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Understanding Linked List

We need data structure while writing the program. Doesn’t matter if it is a small program or a complex application, but you need data structures to hold your data so that you can process the data whenever required. Each data structure as its own pros and cons. For an example, in array you have direct access to each element so, you can access element in constant time but the problem with array is you need to declare the size of the array in prior and you cannot store more elements than the size of the array. Size is required at the time of declaration of the array itself because that many contiguous blocks of memory will be allocated to this array and that is the reason you have direct access to each element.

Let’s not get into the array as it is diverting from the original topic. But yeah! if you want to know how direct access works, please let me know, I will be more than happy to explain. So the main point is you need you need to declare the size of the array and in turns you should know the size of data you are going to hold in array in advance. Prior knowledge of the size of data is sometime very difficult. You can consider a simple scenario where you are taking input from user at runtime.

As I told, each data structure has its own pros and cons, each data structure is made for different purpose and it is best for some particular situation. For example, if you already know the size of data and you have no requirement of insertion and deletion of the data in middle, array is best. If data is associated with a key and you need to do operation like search, insert and delete on the basis of key, hashtable is best and so on.
Likewise, Link List is a data structure best suit for the situation where you do not have any idea about the size of the data. It is basically different blocks of data in memory, linked together. Those blocks of data are not at contiguous location, they can reside anywhere in memory. Each block has address to its next block.

For example Link List of 1 2 3 4 5 can be represented in memory like shown below:

linklist

It is just a representation of link list in memory. You can see that 1 has 2 as its next, stored somewhere in memory. 1 will be having the address of the memory location where 2 is stored in and 2 will be having the address of memory location where 3 is stored and so on. That is what those links shown in above are about. Last not will not have any next address and that field will be null for this node.
So the structure of the node of linklist will have two fields, one is data and another is next address which will point to the next node in link list.

Now let’s say if you have to store 6 after 5, what needs to e done? Following operation needs to be executed.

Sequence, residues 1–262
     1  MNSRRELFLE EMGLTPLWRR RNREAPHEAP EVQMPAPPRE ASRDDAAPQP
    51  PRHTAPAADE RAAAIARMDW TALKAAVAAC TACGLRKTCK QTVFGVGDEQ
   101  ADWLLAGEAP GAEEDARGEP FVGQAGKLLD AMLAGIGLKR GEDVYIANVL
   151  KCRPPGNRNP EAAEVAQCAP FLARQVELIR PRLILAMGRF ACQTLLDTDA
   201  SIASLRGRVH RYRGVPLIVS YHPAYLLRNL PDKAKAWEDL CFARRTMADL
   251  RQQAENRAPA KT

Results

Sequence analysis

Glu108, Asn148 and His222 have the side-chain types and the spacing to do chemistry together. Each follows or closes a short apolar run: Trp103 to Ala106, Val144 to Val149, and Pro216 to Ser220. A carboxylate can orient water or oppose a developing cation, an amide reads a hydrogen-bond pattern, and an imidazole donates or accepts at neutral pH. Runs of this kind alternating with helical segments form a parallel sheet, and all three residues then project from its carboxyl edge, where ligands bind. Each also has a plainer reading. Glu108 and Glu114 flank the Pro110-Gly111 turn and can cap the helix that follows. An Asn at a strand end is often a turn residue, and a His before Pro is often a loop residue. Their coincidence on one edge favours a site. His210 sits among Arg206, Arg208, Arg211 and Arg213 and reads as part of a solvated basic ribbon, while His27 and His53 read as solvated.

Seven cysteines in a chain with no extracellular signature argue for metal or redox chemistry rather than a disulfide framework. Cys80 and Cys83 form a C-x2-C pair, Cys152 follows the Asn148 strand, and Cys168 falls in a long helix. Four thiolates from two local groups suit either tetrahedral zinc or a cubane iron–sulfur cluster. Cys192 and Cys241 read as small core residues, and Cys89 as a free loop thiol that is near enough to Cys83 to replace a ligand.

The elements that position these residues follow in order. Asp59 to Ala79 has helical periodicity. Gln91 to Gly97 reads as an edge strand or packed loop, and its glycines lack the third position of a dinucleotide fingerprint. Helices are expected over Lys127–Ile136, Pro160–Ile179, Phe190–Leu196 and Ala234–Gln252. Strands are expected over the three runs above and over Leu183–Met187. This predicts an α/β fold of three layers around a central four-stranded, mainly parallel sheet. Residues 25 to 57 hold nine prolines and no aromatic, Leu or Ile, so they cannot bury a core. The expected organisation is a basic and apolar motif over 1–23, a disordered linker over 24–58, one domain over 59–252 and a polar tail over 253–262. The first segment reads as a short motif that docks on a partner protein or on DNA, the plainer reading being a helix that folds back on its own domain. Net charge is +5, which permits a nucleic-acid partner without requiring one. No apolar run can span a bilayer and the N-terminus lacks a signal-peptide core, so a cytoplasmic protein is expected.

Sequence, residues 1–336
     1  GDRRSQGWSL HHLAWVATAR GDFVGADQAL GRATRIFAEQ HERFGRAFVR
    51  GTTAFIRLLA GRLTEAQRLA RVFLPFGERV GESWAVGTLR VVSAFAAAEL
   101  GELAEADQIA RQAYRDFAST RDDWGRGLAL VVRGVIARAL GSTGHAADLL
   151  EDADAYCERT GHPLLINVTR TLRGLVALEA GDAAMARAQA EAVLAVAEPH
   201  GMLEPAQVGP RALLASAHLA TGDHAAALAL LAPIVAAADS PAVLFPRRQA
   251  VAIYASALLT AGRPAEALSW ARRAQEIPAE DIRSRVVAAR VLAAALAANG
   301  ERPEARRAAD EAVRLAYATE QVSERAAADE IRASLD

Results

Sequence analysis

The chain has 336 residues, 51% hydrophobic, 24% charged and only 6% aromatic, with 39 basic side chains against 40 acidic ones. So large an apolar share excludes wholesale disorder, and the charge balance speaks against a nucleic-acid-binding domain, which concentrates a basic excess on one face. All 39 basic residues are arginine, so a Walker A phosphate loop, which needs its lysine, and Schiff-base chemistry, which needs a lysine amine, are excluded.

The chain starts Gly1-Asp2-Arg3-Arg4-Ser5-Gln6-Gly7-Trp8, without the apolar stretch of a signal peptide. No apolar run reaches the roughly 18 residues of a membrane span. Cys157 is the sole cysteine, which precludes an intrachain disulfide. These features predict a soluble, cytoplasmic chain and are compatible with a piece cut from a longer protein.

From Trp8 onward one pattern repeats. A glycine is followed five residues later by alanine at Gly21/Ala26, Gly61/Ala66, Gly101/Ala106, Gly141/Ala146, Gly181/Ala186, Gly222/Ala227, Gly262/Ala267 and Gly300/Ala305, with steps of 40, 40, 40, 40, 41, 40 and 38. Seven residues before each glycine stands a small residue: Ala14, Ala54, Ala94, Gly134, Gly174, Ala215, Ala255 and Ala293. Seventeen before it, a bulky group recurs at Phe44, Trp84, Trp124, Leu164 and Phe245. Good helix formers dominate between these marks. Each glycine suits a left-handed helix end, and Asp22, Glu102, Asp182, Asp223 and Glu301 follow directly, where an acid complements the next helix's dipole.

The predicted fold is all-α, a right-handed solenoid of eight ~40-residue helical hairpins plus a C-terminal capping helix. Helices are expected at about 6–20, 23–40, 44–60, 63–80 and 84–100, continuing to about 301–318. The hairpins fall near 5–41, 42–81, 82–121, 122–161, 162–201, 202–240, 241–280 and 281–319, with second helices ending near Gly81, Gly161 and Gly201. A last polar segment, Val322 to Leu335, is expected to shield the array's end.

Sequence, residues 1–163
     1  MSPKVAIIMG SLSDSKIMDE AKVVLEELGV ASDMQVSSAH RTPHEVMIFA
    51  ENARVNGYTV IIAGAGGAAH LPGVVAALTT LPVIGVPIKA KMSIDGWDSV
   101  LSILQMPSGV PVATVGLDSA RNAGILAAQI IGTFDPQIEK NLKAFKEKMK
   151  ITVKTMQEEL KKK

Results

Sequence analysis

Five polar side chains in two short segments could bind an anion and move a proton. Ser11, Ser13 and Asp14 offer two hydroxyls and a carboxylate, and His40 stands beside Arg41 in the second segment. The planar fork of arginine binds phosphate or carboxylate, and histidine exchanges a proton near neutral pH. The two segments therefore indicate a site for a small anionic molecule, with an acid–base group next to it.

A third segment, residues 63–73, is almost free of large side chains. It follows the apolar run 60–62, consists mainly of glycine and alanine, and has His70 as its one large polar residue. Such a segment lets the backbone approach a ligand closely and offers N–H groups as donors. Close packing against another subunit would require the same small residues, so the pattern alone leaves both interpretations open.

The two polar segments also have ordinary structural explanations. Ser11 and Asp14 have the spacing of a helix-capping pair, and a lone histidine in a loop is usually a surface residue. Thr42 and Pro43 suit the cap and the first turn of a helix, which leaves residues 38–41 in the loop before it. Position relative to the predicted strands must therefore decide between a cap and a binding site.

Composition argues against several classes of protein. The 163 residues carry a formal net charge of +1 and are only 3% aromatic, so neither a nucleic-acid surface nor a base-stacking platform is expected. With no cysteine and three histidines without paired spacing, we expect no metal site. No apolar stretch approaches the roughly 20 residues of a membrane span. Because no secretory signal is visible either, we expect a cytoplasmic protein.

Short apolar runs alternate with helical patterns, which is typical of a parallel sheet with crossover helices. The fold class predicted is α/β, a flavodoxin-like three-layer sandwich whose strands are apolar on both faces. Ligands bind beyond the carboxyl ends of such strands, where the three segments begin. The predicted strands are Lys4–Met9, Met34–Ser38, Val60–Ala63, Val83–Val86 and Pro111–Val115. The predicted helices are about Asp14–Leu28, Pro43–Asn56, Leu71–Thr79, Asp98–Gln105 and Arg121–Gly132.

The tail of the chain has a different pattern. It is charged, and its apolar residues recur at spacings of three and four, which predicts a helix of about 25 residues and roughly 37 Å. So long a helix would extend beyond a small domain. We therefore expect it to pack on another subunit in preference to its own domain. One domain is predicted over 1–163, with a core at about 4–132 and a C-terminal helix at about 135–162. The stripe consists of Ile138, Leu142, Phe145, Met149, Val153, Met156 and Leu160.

1. Store 6 somewhere in memory and have its address
  2. Traverse till last node from head of the link list. Remember, you do not have direct access to the nodes in link list, head (which is 1 in this case) is the one you can access and after that you need to traverse the list using next address to reach at certain node.
  3. Assign address of node 6 to the next address field of node 5.

This way our list grows and you can see that no prior knowledge of size of data is required. As soon as data comes you can add it to the link list.
You can observe that insertion and deletion of node is also very easy. Just a matter of changing next addresses of the node involved.
For example, you want to insert 7 after 4, you will traverse till 4, next address of 4 will be assigned to next address of 7 and whatever is the address of 7, will be assigned to next address of 4 and 7 is now in between 4 and 5.

By performing a similar sequence of operations we can delete node.

I am giving a simple implementation for understanding, find it herein below:

public class LinkList {
    private int data;
    private LinkList next;
    public LinkList(int data) {
        super();
        this.data = data;
    }
    public int getData() {
        return data;
    }
    public void setData(int data) {
        this.data = data;
    }
    public LinkList getNext() {
        return next;
    }
    public void setNext(LinkList next) {
        this.next = next;
    }
}


public class LinkListUtils {
    public static LinkList insert(LinkList head, int val){
        LinkList node = new LinkList(val);
        if(head == null){
            head = node;
        }else{
            LinkList temp = head;
            // traversing till last node, only last node will have null as next address
            while(temp.getNext() != null){
                temp = temp.getNext();
            }
            temp.setNext(node);
        }
        return head;
    }
}

Above explained list is called singly link list as you can start from head and can traverse in one direction. There is one more link list called Doubly Link List which I will cover in some later post.

Looking forward to hear your query if any.

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